New Raspberry Pi models come every year with increased CPU power and RAM, and virtualization is now a recurring topic on this website. This wasn’t always the case. Today, we’ll discuss a solution to host virtual machines (VM) on Raspberry Pi that I haven’t written about yet: Proxmox.
Proxmox is not available directly on Raspberry Pi, but the Pimox project is a port of Proxmox for the Raspberry Pi we can use to achieve the same results. An auto-installation script is available, so the installation is straightforward once the prerequisites are installed.
It’s easy on the paper, but I ran into several issues when trying to follow the instructions given on the GitHub page. In this article, I’ll give you a step-by-step guide, so you don’t lose as much time as I did when trying it :-).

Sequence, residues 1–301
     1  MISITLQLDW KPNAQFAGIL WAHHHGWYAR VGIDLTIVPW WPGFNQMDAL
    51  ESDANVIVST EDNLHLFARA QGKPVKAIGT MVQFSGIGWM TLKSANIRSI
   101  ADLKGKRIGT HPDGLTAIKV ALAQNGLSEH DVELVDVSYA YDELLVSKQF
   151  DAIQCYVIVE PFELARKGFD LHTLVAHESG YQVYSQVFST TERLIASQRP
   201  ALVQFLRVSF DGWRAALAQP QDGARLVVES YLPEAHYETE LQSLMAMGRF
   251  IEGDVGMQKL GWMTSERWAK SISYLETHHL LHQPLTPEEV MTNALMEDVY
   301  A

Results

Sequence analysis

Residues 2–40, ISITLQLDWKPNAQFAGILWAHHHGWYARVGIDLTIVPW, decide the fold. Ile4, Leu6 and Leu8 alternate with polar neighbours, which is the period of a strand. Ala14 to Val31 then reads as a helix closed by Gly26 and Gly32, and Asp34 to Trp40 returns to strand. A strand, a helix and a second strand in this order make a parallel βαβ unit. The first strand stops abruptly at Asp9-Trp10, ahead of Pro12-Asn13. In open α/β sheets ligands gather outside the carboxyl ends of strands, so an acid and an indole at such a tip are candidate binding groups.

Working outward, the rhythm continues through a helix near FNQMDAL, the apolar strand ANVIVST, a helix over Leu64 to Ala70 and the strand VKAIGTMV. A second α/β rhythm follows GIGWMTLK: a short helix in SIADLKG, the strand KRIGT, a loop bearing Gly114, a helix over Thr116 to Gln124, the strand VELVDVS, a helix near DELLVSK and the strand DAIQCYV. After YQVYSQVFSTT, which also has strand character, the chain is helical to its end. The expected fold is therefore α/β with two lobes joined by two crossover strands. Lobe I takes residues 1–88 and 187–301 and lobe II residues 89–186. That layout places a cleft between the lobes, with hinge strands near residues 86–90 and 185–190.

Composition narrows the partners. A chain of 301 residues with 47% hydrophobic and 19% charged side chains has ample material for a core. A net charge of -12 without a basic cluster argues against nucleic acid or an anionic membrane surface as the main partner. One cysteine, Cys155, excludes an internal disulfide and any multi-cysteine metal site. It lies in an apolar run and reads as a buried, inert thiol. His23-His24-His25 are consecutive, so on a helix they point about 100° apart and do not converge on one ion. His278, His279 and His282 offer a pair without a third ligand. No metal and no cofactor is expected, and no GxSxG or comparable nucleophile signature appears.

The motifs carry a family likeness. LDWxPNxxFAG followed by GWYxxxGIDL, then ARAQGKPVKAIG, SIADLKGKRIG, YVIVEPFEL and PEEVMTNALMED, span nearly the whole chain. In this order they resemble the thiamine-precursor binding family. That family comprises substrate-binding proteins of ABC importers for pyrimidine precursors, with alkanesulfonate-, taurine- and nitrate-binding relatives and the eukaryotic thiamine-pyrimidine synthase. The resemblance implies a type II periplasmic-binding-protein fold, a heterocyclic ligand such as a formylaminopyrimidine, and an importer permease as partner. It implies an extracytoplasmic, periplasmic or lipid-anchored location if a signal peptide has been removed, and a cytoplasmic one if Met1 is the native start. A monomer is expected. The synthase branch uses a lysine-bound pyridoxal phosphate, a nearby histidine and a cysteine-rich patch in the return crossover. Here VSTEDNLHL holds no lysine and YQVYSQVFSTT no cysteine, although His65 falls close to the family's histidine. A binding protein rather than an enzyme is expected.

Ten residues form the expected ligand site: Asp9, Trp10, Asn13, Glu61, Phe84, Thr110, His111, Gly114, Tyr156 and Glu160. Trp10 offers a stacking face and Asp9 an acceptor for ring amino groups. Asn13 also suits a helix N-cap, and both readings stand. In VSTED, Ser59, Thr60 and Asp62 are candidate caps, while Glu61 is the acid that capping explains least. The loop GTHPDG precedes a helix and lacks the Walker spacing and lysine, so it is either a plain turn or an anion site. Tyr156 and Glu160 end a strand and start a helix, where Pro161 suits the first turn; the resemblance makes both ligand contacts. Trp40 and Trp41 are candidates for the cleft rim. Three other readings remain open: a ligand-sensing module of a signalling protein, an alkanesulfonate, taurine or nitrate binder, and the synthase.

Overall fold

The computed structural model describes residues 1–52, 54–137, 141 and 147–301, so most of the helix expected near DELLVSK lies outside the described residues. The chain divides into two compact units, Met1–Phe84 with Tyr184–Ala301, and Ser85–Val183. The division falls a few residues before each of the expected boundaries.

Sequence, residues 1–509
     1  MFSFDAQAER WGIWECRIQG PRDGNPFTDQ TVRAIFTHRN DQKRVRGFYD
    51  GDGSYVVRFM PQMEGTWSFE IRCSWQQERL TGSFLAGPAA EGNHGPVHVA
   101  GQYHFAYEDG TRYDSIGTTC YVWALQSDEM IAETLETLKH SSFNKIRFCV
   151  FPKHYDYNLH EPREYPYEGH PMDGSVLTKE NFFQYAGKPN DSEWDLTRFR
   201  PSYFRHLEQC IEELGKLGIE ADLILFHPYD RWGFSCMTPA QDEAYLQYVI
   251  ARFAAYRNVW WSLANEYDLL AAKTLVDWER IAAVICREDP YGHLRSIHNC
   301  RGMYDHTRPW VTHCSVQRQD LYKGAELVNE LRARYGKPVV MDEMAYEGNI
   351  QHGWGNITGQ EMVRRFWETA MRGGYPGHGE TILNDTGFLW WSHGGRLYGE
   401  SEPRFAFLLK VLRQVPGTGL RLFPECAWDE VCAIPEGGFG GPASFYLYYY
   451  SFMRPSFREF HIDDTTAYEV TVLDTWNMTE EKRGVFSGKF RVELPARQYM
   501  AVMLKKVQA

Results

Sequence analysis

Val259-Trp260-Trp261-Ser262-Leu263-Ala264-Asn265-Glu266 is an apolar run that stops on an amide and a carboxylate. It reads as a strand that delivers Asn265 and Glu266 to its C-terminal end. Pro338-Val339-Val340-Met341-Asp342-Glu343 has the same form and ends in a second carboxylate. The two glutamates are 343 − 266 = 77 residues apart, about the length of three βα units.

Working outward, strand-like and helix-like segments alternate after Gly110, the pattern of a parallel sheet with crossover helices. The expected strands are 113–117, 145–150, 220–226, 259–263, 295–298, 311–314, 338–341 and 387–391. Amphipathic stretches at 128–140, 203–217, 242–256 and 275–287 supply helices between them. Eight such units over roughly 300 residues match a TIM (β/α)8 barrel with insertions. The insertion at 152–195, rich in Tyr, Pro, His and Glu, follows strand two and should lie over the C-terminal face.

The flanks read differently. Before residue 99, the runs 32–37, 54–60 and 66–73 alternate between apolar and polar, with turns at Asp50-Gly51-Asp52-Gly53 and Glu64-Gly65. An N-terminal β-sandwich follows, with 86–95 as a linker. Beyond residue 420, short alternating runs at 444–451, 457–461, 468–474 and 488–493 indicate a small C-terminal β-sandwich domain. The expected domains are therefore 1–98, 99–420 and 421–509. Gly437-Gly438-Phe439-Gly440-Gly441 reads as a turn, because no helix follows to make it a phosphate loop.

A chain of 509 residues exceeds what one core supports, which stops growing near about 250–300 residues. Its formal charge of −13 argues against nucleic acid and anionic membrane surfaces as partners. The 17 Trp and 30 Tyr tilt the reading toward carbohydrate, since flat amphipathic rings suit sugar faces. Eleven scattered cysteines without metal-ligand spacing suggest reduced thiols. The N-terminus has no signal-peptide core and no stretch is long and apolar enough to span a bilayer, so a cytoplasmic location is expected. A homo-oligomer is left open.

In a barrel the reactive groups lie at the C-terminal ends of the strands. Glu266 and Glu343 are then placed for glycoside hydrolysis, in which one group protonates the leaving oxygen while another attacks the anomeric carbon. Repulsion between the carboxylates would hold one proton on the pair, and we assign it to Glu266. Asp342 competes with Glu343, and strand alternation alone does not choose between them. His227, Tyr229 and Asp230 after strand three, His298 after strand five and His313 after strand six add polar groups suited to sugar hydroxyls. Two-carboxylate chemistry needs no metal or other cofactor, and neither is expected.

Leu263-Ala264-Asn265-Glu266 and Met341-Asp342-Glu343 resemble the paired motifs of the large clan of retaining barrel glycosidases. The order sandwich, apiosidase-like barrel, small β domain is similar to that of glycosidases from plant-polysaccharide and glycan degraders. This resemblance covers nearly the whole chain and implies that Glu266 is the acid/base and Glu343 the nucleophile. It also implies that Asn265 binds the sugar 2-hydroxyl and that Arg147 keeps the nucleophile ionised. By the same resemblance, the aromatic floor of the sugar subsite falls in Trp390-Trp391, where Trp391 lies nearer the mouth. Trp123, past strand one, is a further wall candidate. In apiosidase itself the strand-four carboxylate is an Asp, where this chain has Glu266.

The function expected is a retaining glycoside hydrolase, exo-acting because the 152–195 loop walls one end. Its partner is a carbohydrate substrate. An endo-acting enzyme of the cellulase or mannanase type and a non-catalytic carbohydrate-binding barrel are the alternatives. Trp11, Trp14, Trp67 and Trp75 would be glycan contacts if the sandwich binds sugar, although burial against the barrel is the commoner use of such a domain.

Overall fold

Also, I must say right away that even though I’ll show you how to install this solution on your Raspberry Pi, it doesn’t mean that’s a good idea. It works, but there are still many issues due to missing drivers or just because the Raspberry Pi isn’t officially supported. See this as an experiment, a proof of concept, not a formal recommendation.
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If you are reading this, you are probably already familiar with Proxmox, but I will still start with a brief introduction for those who randomly came across this article.
What is Proxmox?
Proxmox is an open-source server management and server virtualization platform.
That’s the official definition, but to clarify, it’s a solution you can use to host virtual machines and containers with a simple web interface.
Personally, I’m used to VMWare ESXi (that you can also install on a Raspberry Pi) and a bit of Hyper-v, but I haven’t used Proxmox on production servers in my system administrator job. From what I have seen on the Raspberry Pi, it seems interesting.